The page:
When I was building my System Center 2012 testing lab I installed SQL server in a virtual running on my HyperV systems I was controlling with SCVMM 2012 RC. I’ll admit it, it seemed like a good idea at the time. I put all of the System Center products into one database server with two instances running in a virtual on my HyperV systems controlled by SCVMM. The host that I put this database on was a quad processor AMD box with 8 gb of memory and pretty good drives so I figured this would be a good home for the various databases (it seemed like a good idea at the time but in retrospect this was Strike 1). The challenge hit me when I realized that I had bottlenecked on memory on my SQL server. At first I just increased the dynamic memory for that system but eventually it took all available memory which I had available from the host. I restricted the memory on the various SQL pieces but performance started really decreasing in the environment. My plan was to move this database to another HyperV system with more memory…. Here’s where my bad choices landed me in trouble. I do not have shared storage in my lab [Strike two] – each HyperV system is running it’s own local drives but they transfer pretty quickly because I have each of the hosts gigabit networked linked to each other. Now however I can’t migrate my virtual which has the SQL database from one node to another because the current host is an AMD system and my other HyperV hosts are all Intel systems. [Ouch, that was Strike 3]
Ok, at this point I’m pretty sure that this isn’t going to be good. I can’t move this virtual in SCVMM when it’s shut down because the SCVMM database is on it. And most likely I couldn’t move it in the first place because it’s the database which is running the SCVMM environment I’m trying to move it with. So I’ve got myself nicely in a catch-22.
What’s the resolution? It’s time to go old-school virtual moving.
0) Identify a host with sufficient resources (disk and memory in this case) to be the new home for this server.
1) Shut down all virtuals which will be accessing the database (including the SCVMM console)
2) Log into the HyperV system which is running the virtual, connect to the virtual with Server Manager and shut down the SQL Server.
3) Find where the VHD files are associated with this system and copy them to the new location (break for a long lunch here depending on the size of the VHD’s and the network connectivity levels).
[For the geek trivial pursuit, this is what it looked like on one of my hosts during the transfer in terms of the impacts on network and disk. As a geek I admit I like stress testing the network like this once in a while. It makes me feel better for actually having upgraded from a 100 MB to a 1 GB switch.]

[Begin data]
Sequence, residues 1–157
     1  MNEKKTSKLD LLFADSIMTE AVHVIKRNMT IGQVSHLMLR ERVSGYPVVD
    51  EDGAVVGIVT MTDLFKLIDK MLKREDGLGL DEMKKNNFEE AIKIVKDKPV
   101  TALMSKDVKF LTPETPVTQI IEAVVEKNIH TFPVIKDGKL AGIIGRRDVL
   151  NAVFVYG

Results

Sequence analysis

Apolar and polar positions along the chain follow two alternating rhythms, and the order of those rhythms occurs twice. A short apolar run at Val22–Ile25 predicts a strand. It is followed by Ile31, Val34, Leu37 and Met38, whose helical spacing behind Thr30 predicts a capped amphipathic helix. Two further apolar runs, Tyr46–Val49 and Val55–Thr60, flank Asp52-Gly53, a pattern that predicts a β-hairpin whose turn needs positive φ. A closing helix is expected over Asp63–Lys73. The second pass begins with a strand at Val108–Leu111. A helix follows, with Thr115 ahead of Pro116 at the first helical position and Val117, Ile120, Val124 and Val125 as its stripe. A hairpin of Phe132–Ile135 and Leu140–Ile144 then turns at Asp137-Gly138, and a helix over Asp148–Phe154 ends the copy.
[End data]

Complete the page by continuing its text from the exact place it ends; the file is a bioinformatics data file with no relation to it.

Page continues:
4) In HyperV on the original server, renamed it to indicate it was the old version of the virtual by adding _OLD to the name.
5) Logged into the new HyperV server and created a new virtual with the same configuration as the original virtual.
6) Configured the new virtual to use Dynamic Memory and to start with 4 gb of memory and to expand to up to 12 gb of memory.
7) Started the SQL virtual on the new host. Logged in and configured the network adapter to the IP address which had originally been hard-coded for the system (replacing the original network adapter IP address).
8) Validated the SQL services were running and the SQL instances would connect through SQL Server Management Studio.
9) Restarted the SCVMM server from saved state and re-opened the SCVMM console. In SCVMM the original SQL database server appeared as _OLD on the original host. A little while later, the new database server appeared on the new host.
10) Re-activated all of the servers which were saved to disk prior to the migration. Validated functionality of the servers which were accessing the database and that performance was increased in the new configuration.
11) After validating functionality, the original VHD files for the database server could now be removed.
12) The next step will be to rebalance by moving some of my processor intensive virtuals from the current host which also has the SQL database server to the now empty HyperV host but that will wait a little while.
Start to finish on this my migration of this SQL server took about three hours. Another option would potentially have been to have disabled dynamic memory on the SQL virtual, exported it from one system and imported it to the other system. This might have simplified the process but would not have changed the time required significantly.
Summary: Even if you mistakenly put your SCVMM database on a virtual which SCVMM controls and you are unable to migrate the database server from one host to another in SCVMM that doesn’t mean that you can’t go back to the old way of moving around virtuals. It’s just not as much fun.